So, how far can it go? The legitimate aim of such regulation ‘must extend so far as to seek to ensure that reasonable service users, of all kinds perceive they will be treated with dignity and without discrimination’. As the Court explained, ‘Social work service users cannot usually choose their social worker. The use of aggressive or offensive language in condemnation of homosexuality, or homosexual acts, would certainly be capable of undermining confidence and bringing the profession of social work into disrepute. As the Guidance makes clear, the Appellant had an obligation not to allow his views about a person’s lifestyle to prejudice his interactions with service users by creating the impression that he would discriminate against them’ (para 106).
It was not shown that Mr Ngole did discriminate against people in same-sex relationships, nor was it suggested that he would ever do so. There was also no evidence that any service user had read the postings.
Rather than Mr Ngole being ‘entrenched’ and ‘intransigent’ and lacking insight, which the University alleged, the Court considered that his apparent intransigence ‘was an understandable reaction to what he was being told by those in charge of the disciplinary process, namely that he could never express his religious views on topics such as sexual morals in any public forum, i.e. that there was a blanket ban’. Such an absolute stance, moreover, did not accord with the HCPC guidance ‘or common sense’: ‘Crucially, at no stage did those in charge of the disciplinary process make the University make it clear that it was the manner and language in which [Mr Ngole] had expressed his views which was the problem or discuss or offer him guidance as to how he might more appropriately and moderately express his views on homosexuality in a public forum and in a way in which it would be clear that he would never discriminate on such grounds or allow his views to interfere with his work as a professional social worker’ (para 111).
The Court concluded that the sanction imposed by the University was not a proportionate response, but rather a ‘too-rapid and disproportionate conclusion that removal from the course was necessary, rather than the institution of a calm, continuing process of guidance of [Mr Ngole], spelling out what he could and could not properly say, and the circumstances in which he could say it’. The University had an obligation ‘to exercise care and restraint, and to take unpopular decisions, if such represent the just and proportionate result’ (para 138).
In the circumstances, the disciplinary proceedings were ‘flawed and unfair’ to Mr Ngole, the fault for which lay with the University. Importantly however, the Court clearly upheld the right of professional bodies and organisations to place restrictions on those subject to their professional codes, so long as such restrictions are ‘reasonable and proportionate’, but also stated that ‘the obligation to maintain confidence cannot extend to prohibiting any statement that could be thought controversial or even to have political or moral overtones’ (para 105).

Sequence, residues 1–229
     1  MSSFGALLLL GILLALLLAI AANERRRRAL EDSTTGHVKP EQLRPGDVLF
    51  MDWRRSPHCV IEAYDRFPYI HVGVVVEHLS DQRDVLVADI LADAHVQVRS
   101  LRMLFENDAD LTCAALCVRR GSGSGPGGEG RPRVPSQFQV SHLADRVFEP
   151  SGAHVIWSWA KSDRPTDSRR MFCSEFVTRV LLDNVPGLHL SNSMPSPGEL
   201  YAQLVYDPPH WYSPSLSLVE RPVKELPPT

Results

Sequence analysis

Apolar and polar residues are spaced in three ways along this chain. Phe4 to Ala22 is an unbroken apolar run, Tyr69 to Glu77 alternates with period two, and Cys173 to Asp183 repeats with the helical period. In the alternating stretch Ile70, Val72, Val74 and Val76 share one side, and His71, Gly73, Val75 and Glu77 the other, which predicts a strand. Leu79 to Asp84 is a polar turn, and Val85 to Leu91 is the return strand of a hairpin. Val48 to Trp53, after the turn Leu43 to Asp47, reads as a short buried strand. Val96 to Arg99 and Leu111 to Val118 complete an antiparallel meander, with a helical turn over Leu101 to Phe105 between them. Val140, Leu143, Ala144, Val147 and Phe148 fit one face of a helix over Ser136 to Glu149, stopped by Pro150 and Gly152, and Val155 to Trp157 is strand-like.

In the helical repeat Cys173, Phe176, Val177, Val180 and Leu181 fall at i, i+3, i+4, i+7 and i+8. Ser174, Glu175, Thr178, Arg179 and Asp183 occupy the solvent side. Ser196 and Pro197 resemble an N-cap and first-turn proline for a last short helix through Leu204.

In this instance, the remedy lay in remitting the case for a new hearing before a differently constituted Fitness to Practise Committee.
Lessons for Australia
Could such a case arise in Australia? As seen in my larger article in this issue of the LSJ, ‘Freedom of religion and speech—it’s time for change’, matters invoking articles 18 and 19 of the International Covenant on Civil and Political Rights (‘ICCPR’), analogous to the European Convention articles under consideration in this case, can be brought to the Australian Human Rights Commission (‘AHRC’), but only where the ‘actor’ is the Commonwealth. A University is not within ‘the Commonwealth’. So Mr Ngole could not bring such a matter to the AHRC if the matter were located here.
However, if we had a full, or even fuller, domestic implementation of the commitments in the ICCPR by a positive framing of rights, including those set out in articles 18 and 19, in an Australian Human Rights Act, the door would be open for a person like Mr Ngole to frame his complaint in Australia.
In the UK, the matter was heard in the court. In Australia, if we continued the existing ability of the AHRC to endeavour to conciliate complaints, including the jurisdiction in relation to human rights complaints such as these, there would be an opportunity for the AHRC to bring the parties together and to seek a conciliated outcome. As shown in an article in the July issue of the Australian Law Journal (R Croucher, ‘“Seeking Equal Dignity without Discrimination”—The Australian Human Rights Commission and the Handling of Complaints’ (2019) 93 ALJ 571), the AHRC’s track record over the years has been a remarkable one of success, with fewer than two per cent of matters ever ending in court. A combination of a proven process of conciliation, together with the possibility of clarification and enforcement through the courts, should be on the table for consideration in the next chapter of considering the positive framing of rights and freedoms in Australia.
The Ngole case is not a triumph for freedom of religion, but a demonstration of how the balancing of freedom of speech, including freedom of religious expression, can be moderated through a test of proportionality.